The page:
aggregate fiction story

Stars in Her Eyes

Stars in Her Eyes, by Dona McCormack, will appear in the upcoming Aggregate anthology.

Dona McCormack is a disabled writer living in Northeast Ohio with four fuzzbutts, one oversized goldfish-chomping aquatic turtle, and Michael, her devoted partner. When she’s not poking a notebook with a pen (sometimes by design), Dona pokes thread into fabric (always by design). She writes Realism and Weird, she’s published in several journals including, and she won third in Reflex Fiction’s Summer 2019 Flash Contest. Dona’s website:, Twitter: @DonaWrites, and Instagram: @DonaWritesInsta.

Wind ripped at the tangled fabric of Willa’s clothing. She pressed her dark glasses closer to her face and tugged her sweater tighter around her frame, hugged down toward the sidewalk, away from the spring gust. Away from the smells it carried of rain-turned soil and fresh mowed grass, of churning earthworms and soggy tree bark. She wished that she could fold herself neatly within her shoes—invisible, squarely-fitted-Willa-feet and nothing else, stepping along, well below everyone’s eyeline. She could not do that, so she curled down, toward her feet.

A man emerged from the dentist’s office on the corner and turned her way. Her step quickened, then slowed, then quickened again. A dance of indecision.

He pulled his brown overcoat against the wind and tipped her his bowler hat. She ducked the kindness, tucking her chin in the hollow she had dug into her chest over the many years. Hiding did things to a body. Crumpled it. Compressed it. Obscured it and marked it with pockets. Willa’s chin rested in the pocket in her chest, hiding her face from the man. She didn’t miss his look of disturbance.

When he passed, she stretched her neck a few inches. Pressed her glasses close to her face and fought the urge to look back at the man—had he been handsome? Would she have recognized him? Maybe he’d shared something of the only face that mattered, the one that always said the same words, from a mouth painted with hot pink that stained coffee-yellowed teeth. Ma’s face. Might he have had lips thin and hard from a thin hard life, like Ma’s lips. Maybe those lips would have said, “Those stars will cut you to ribbons, my girl.”

aggregate fiction story

April Showers

April Showers, by Eric Nash, will appear in the upcoming Aggregate anthology.

Eric Nash lives in south west England and writes fiction, mainly speculative and often dark. His work has been published by Alban Lake, Demain Publishing, Daily Nightmare, Firbolg Publishing, Great Old Ones Fiction, HellBound Books, Horla Horror, Horrified Press, Indie Authors Press, JWK Fiction, Mythic Magazine, Oscillate Wildly Press, and Sekhmet Press. He is a member of the Horror Writers Association. His website is

As my dad remembers it, he was walking with my sister Anna along the lane, returning from the little shop at the cove. It was Easter, and my family was holidaying in Devon as usual. The wholesome smell of cowshit surrounded them both as he blocked the sun’s glare with his hand. Those hands: the mountainous knuckles, ridge-like tendons, and valleys of wrinkles and creases were landscapes promising adventure to me.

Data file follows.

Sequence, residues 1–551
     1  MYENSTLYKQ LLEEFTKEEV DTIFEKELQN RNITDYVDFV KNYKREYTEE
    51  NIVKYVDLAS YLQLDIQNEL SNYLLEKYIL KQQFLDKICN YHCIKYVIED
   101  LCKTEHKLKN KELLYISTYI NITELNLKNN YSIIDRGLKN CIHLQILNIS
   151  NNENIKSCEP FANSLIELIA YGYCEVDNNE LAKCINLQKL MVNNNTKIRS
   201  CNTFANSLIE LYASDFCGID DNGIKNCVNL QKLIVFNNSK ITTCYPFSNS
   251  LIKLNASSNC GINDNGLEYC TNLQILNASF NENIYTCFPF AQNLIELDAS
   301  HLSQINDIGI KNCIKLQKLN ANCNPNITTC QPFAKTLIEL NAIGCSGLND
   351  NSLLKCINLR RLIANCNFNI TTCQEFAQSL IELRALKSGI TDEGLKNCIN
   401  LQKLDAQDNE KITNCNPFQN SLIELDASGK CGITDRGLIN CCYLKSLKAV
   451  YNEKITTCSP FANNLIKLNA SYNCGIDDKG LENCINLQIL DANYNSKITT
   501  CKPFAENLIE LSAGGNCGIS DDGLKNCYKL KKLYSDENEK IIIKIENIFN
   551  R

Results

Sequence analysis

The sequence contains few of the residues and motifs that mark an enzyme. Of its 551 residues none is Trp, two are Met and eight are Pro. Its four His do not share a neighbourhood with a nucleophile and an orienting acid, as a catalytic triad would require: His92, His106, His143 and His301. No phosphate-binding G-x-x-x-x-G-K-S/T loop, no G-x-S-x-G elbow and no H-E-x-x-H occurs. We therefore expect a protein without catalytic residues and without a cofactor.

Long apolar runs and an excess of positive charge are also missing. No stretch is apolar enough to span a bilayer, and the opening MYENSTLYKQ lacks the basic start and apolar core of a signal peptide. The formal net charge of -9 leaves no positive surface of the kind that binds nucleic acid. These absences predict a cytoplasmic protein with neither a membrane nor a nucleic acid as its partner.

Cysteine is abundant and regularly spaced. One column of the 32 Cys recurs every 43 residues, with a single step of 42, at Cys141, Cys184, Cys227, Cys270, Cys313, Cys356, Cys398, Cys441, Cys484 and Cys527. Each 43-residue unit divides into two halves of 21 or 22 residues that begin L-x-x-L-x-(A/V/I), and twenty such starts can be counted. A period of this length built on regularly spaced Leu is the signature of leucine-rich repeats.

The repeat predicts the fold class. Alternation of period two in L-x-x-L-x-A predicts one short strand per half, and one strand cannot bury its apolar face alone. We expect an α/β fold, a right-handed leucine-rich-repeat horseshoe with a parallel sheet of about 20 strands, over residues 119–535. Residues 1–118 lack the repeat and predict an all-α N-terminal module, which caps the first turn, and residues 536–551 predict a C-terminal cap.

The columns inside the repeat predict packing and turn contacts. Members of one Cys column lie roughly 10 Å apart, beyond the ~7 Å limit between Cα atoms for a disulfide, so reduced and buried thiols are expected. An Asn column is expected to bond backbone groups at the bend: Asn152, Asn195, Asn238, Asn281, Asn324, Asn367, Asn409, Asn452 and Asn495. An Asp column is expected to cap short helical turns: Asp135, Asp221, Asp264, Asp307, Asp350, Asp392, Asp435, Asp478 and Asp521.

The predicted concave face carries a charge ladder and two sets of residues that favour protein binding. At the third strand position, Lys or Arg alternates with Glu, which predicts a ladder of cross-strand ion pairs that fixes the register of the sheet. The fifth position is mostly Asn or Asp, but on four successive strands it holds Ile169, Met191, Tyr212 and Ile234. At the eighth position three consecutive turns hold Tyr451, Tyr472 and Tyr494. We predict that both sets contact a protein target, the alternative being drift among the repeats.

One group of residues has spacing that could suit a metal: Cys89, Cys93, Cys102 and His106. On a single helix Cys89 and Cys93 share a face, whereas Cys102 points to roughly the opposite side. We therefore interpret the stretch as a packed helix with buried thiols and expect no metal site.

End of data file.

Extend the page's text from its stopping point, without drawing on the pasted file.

He called to Anna, hurrying her along. They had been sent on an errand by Mum and had to return with supplies. “Come on, Glitterbug.” The timbre of his voice had always been resoundingly reassuring, even during the frequent fights between my sister and I.

Cola-coloured rivulets raced jagged down her shiny yellow raincoat and dripped into the Dunlop wellies that shattered rainbow-slick puddles with splashes. The eight powder-blue segments of Anna’s parasol were spattered with muck.

She carried that thing everywhere like some security blanket, although you can’t jab someone in the ribs with woven bedding. I was always caught when I retaliated, it was as if my own bruises didn’t exist. Like everyone, he was charmed by the smile which bloomed from her chubby little face, whatever the adversity. This perceived positivity and the supposed selfless demeanour always distracted him. My smile was as fleeting as the attention he paid me.

aggregate fiction story


Macrophages, by Erica Ciko Campbell, will appear in the upcoming Aggregate anthology.

Erica Ciko Campbell made her writing debut on backwater internet forums in the early 2000’s. Since then, she hasn’t been able to resist tormenting her friends and family with the occasional sci-fi horror story. Her greatest accomplishment to date is To Be Young and Whole Again, the unpublished first novel in the Tales of a Starless Aeon series. She lives with her husband Jeremy and sheltie Charlie in the wilds of upstate New York. If you’re still craving the whispers of war-torn, dead galaxies, check out her website, Written Constellations: You can also find her on Twitter at @ECikoCampbell.


My grandmother always said that every planet in our galaxy was an atom, and that our entire universe was but a single cell in some megastructure we could never conceive. She theorized that the cosmic revolutions of Mars, Mercury, and even the Earth were little more than subatomic twitches inside some universe-sized leviathan. And as a worm burrows desperately into the innards of a dog, she speculated, we cling to our ignorance and the pitiful limitations of our senses.

Whenever Grandma started whispering about the monsters, my mother got very quiet and fixed her gaze upon the wall. It usually took a few moments for her to snap out of her trance, but when she did, her disquiet would boil into a sedated smile. She’d babble something about how the scariest monsters never leave the walls of the human mind, and how I shouldn’t listen to Grandma’s nonsense because she wasn’t thinking straight anymore.

But my mother’s eyes always left me wondering if she was running from some truth that I’d never know.